SEVEN PSYCOPATHS (15) ****
Wildly entertaining, but letdown by the finale
IRISH playwright Martin McDonagh hit gold four years ago with his feature debut In Bruges, as smart and funny a slice of hitman hijinks as you'll ever see.
It's a tough act to follow, and while he has managed to craft something highly engaging and amusing with this follow-up, it has nothing like the lasting impact of his first film.
McDonagh's star from In Bruges, Colin Farrell, returns here as Marty, a struggling Los Angeles screenwriter, who is too quick to take advice from his best friend Billy (Sam Rockwell), who likes to feed him crazy plot ideas.
Billy meanwhile has a nice line in dognapping with his partner Hans (Christopher Walken), as they steal local mutts and return them for the reward.
But when one of the pooches they pinch turns out to be a Shih Tzu owned by Woody Harrelson's crazed gangster, all hell breaks loose.
The psychopaths of the title are introduced at various points throughout the film, some of them forming part of the up-front narrative, and some of them existing only (or so it seems) in Marty's script.
These stories are dark and devilish, and shown to us in hilariously gory detail, as the likes of Harry Dean Stanton as a vengeful Quaker show up to both entertain and drive the main story forward.
A first half liberally sprinkled with these tales is quite superb, atmospheric and pacy and very funny. It's a post- Tarantino web of Hollywood in-jokes as the lines blur between fiction and reality.
This self-referential approach extends to its own themes and theories, daring to say that psychos in movies are tiresome, or that misogyny is fine when you're winking at your audience to let them know that it really isn't.
Perhaps, because he's an outsider, McDonagh is too keen to bite the hand feeding him than truly delivering a knockout story of his own.
But if there's one thing Seven Psychopaths can't be faulted for, it's the number of laughs it provides and the absolute joy of watching these actors do their stuff, with Walken and Rockwell in particular at the very top of their games.
If Walken can be accused of simply turning his Walken-ness up to 11, well there's nothing wrong with that, as he takes already good lines and turns them into something special with his trademark mischievousness.
Sadly it never quite crystalises into something truly memorable come the underfed finale, one that only seems more of a letdown when you consider how elaborately yet neatly all the elements of In Bruges came together.
It's a rare film that can be so problematic yet still provide so many pleasures. Wildly entertaining it may be, but ultimately Seven Psychopaths isn't much more than, dare it be said, a shaggy dog story.
Director: Martin McDonagh
Running time: 110 mins
THE ORANGES (15) **
A good cast, thoroughly wasted
IN suburban New Jersey, the Wallings (Hugh Laurie and Catherine Keener) and the Ostroffs (Allison Janney and Oliver Platt) are neighbours and long-time friends.
The Wallings have already been having some problems in their marriage, and these problems are sent into orbit when Laurie begins an affair with the Ostroff's 20-something daughter Nina (Leighton Meester).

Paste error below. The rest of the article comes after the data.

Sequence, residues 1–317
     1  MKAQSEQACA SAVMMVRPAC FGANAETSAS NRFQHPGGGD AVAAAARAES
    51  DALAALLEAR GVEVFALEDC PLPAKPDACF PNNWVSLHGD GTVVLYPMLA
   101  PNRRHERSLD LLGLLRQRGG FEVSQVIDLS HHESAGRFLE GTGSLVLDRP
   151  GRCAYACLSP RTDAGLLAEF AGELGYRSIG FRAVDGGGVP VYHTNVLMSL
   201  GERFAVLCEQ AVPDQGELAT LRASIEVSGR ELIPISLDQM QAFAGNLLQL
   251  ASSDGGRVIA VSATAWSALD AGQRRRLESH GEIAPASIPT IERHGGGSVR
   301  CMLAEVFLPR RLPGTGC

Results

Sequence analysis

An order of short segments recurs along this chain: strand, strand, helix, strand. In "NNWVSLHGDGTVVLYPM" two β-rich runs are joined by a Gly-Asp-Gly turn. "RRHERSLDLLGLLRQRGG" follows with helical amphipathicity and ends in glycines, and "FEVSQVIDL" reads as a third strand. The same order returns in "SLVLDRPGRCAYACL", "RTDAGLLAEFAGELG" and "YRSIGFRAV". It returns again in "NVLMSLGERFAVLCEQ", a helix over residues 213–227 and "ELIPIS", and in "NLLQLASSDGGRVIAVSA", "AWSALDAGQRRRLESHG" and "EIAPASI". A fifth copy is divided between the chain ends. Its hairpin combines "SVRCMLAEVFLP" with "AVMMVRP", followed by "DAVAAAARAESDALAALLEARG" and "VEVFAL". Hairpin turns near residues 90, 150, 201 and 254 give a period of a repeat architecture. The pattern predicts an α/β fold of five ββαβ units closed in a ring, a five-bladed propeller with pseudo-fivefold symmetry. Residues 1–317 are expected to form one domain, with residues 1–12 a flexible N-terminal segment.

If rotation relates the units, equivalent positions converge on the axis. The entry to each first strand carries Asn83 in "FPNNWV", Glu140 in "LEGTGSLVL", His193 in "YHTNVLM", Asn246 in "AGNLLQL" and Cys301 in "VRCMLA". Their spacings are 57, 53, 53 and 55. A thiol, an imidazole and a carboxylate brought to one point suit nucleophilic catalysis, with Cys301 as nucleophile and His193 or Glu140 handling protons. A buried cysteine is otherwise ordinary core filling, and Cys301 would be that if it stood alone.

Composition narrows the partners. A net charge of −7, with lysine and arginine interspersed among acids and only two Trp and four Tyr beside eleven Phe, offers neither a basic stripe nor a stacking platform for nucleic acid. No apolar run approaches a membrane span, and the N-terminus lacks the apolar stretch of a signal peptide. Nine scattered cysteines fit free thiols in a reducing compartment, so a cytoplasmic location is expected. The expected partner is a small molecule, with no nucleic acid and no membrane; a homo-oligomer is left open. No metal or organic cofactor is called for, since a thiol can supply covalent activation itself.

It's the kind of set-up Woody Allen has been peddling for decades, but given an odd sheen of sitcom superficiality that makes it glib when it should be scathing, yet nowhere near funny enough to justify its misjudged tone.
Just to add to its shortcomings, this dreary domestic drama is for some reason narrated by the Wallings' daughter, who barely appears in the main narrative, which simply adds to the sense of a good cast, thoroughly wasted.
Director: Julian Farino
Running time: 90 mins
CELESTE AND JESSE FOREVER (15) ***
A good attempt at replicating When Harry Met Sally
WHEN we first meet Celeste and Jesse (Rashida Jones and Andy Samberg), they're a playful, easygoing couple.
But we discover they're actually six months separated and about to get divorced, though they've stayed good friends and hang out all the time, something their respective friends think is very odd.
Of all the recent attempts to replicate the dynamic of When Harry Met Sally, this is the one that works best, though it does deal in a lot of the same areas, as they hook up, fall out and have disastrous dates with other people.
There's also more than a hint of the Ross and Rachels about it, and it drags on a bit as the resolution approaches.
But it throws up some fun scenarios and Jones (who also co-writes) and Samberg are a good pairing, matching sympathetic performances to well-drawn characters.
Director: Lee Toland Krieger
Running time: 92 mins
I, ANNA (15) ***
A scrappy little thriller
IN A grey and forbidding London, lonely Anna (Charlotte Rampling) is a regular at speed dating events.
Meanwhile a body is found in a flat, with Gabriel Byrne as the sympathetic cop investigating and trying to ascertain whether Anna, a complex and fascinating blend of contradictions, has anything to do with it.
As the layers of the puzzle are peeled back, this becomes part murder mystery, part examination of lost and damaged souls and part police procedural, and these elements blend well.
For the most part it's a scrappy, itchy little thriller that builds with style, adding questions as it goes, examining grief with a coolness that never threatens to become hysterical, even as the plot developments start to tend towards the obvious.
It starts better than it ends, but the accomplished cast carry it through.
Director: Barnaby Southcombe
Running time: 91 mins